Graded washes are essentially gradients you create using watercolor. You can create gradients with one color going from very pigmented with less water to hardly pigmented that’s very much watered down (nearly white). Or one color smoothly shifting into another – a color gradient. These color gradient watercolor effects work best with analogous colors.
It’s exactly as it’s called, using a slightly damp and almost dry brush – not dry – dip it into a thicker paint mixture and use the brush to create texture over the desired surface area. Experiment using the sides of the brush.
I’ve used this technique many times to paint trees. It’s great for painting the impression of a great amount of leaves, see how it looks here.
This is when you add layers on top of each other to create texture, give variation, and add depth to your painting. Each layer has to be completely dry before adding the next, otherwise the colors will bleed with each other. And you might end up with a muddy pile of colors instead of a beautiful layering effect. This watercolor technique is akin to glazing in oil and acrylic painting.
Scumbling is a technique that’s also popularly used in oil painting. Apply the paint in a haphazard and less-controlled manner, the goal is not to create a uniformed look but a more textural effect. You can use circular motions, short swishing motions, or a mix of both. The pigment and brush load can also vary depending on your preference. You can also choose to apply it on either a wet or dry surface. Experiment with the different kinds of brushes and brush sizes to see what kind of effect each one gives you.
Color Lifting Watercolor Effects
There are times where you need to lift off some paint from your work. Maybe there’s too much of it, or you want to create a certain effect that you can achieve by lifting off paint. You can do this while the paint is still wet or even when it’s dry, it’s just much harder when dry. But that also creates a different effect which you might like as well.
Wet Color Lifting
This is often used for making corrections. Besides that, I myself usually use this to create soft dappled effects that’s great for clouds and other soft textures. Blot out as much water as you can from your brush so it can absorb more, and gently touch it to the area where you want to lift off the paint. Blot it out again to absorb more if needed.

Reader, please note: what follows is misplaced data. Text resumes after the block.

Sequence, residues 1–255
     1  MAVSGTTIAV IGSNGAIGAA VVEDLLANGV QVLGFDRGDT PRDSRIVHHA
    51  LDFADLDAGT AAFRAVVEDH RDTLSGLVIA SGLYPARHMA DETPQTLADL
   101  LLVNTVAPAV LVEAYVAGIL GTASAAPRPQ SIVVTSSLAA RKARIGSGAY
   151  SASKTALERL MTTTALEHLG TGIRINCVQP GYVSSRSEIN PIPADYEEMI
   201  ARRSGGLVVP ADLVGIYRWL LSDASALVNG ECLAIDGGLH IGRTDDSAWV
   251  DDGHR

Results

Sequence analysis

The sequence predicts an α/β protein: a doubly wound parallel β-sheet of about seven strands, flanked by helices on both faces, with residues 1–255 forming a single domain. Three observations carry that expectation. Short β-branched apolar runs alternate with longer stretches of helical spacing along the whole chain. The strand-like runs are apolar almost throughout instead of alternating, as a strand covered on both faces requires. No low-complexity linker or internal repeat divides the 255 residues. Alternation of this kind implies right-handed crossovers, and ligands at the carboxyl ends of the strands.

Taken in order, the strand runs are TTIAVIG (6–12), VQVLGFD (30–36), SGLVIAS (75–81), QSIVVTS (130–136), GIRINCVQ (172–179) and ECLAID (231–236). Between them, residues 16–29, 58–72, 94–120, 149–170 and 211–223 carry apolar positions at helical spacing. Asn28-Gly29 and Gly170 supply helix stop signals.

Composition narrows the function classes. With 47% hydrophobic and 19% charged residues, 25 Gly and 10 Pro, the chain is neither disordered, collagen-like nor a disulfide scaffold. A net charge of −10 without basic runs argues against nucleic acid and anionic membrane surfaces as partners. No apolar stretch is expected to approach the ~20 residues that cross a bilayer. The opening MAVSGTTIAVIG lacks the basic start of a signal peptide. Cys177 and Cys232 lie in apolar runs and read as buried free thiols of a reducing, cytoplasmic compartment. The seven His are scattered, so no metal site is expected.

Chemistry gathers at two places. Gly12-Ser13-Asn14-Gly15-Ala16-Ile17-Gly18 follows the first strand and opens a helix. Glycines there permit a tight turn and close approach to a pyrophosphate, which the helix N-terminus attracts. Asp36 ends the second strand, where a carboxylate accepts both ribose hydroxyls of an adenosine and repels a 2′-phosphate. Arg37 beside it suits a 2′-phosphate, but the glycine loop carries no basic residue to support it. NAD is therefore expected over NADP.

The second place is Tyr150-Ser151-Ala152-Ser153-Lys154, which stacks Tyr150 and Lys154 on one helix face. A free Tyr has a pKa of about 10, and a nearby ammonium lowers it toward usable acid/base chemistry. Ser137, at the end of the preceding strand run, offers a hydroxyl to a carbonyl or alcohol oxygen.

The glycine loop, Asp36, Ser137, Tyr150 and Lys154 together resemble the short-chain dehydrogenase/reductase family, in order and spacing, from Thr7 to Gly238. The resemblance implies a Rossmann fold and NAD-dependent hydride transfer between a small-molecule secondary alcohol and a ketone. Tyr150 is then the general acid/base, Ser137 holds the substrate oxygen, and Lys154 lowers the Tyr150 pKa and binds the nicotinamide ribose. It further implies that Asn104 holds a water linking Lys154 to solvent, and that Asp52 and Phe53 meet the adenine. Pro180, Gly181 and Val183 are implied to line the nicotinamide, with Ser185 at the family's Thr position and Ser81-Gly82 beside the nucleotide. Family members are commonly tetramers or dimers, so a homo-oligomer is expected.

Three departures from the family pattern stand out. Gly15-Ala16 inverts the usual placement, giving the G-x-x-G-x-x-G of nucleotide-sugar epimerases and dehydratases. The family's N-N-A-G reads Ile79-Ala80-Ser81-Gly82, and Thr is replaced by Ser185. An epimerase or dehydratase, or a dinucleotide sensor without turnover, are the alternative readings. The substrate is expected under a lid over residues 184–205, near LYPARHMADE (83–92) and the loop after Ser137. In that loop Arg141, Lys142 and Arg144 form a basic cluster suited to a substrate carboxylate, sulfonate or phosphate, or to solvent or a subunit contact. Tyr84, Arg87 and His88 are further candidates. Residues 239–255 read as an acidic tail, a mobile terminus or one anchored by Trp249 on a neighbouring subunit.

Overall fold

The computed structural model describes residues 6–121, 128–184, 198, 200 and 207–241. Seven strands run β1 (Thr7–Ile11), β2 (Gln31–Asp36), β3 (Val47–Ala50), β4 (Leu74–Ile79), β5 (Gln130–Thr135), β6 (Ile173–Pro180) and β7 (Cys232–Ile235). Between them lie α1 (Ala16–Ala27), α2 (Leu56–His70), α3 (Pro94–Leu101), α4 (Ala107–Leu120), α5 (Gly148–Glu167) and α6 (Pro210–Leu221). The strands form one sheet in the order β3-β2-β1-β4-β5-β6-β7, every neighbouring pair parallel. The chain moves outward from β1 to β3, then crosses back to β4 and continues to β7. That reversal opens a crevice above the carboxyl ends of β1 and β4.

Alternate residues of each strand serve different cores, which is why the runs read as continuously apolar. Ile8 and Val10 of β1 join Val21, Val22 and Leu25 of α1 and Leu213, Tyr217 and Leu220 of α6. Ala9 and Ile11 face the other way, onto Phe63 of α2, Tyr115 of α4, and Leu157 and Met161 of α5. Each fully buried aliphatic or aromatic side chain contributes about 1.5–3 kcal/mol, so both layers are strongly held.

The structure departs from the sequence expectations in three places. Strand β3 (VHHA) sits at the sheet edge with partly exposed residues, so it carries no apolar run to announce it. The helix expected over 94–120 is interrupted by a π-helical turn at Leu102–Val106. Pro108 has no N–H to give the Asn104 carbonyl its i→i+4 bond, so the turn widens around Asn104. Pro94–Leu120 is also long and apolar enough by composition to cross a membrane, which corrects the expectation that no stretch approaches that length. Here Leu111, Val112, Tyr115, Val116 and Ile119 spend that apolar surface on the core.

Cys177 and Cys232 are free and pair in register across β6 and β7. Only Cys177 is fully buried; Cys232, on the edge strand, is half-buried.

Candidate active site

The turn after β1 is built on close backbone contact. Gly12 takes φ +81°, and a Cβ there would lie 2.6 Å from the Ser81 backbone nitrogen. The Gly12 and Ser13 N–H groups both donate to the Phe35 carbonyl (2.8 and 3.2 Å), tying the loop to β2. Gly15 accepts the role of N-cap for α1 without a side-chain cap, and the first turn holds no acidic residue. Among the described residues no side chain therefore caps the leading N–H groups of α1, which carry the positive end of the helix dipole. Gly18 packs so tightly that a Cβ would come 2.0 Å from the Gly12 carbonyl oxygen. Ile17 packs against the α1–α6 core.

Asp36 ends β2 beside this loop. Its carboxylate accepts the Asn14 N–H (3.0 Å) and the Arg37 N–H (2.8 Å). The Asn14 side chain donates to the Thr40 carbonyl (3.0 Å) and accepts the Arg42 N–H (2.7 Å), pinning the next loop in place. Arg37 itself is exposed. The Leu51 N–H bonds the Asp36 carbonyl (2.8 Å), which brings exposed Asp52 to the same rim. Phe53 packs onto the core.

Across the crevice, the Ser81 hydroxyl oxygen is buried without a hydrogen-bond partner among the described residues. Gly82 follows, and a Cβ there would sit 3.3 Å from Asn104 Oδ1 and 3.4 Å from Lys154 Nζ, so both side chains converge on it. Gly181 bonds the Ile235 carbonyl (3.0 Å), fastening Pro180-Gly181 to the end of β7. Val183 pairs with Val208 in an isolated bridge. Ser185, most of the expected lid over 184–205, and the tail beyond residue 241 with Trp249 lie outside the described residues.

Dry Color Lifting
Once the paint has dried, it’s much harder but still possible. Re-wet the area where you want to lift off some paint, and then use your nearly dry brush to remove what you can. You can also use a paper towel or in my case sometimes cotton buds for tiny areas.
Textural Watercolor Techniques Beyond Brushes
The following techniques are great for watercolor painting for kids. Whenever I get to this part with my students, they just love it! And I believe we are all kids at heart, so I hope you’ll have fun with them, too.
Using salt is not so uncommon, it’s used by many professional artists to create really interesting textures in their paintings. Coarse sea salt and regular table salt will give you different textures, so experiment with both to see how each one looks and in what way you’d possibly like to use them. Sprinkling on very wet paper and a slightly drier one will also create different effects. Wait for the paint to completely dry before brushing off the salt.
When you dab, drop, or spray rubbing alcohol on a newly applied wet color, the alcohol will push away the color around it. So you can use it to create interesting circular textures in varying sizes.
Sgraffito or Scratching-off
This watercolor technique requires you to make scratches with a sharp tool like a needle, leaving tiny grooves on your paper. While the paint is still wet, make those scratches, some of the wet paint will flow into the grooves. This makes the paint appear darker and will make them look like drawn out lines.
You can use tape, masking fluid, crayons, or candle wax to act as the resisting barrier. The areas where you applied any of those will resist the water and pigment, and will remain white. Tape is especially useful when you want to keep an edge sharp and clean.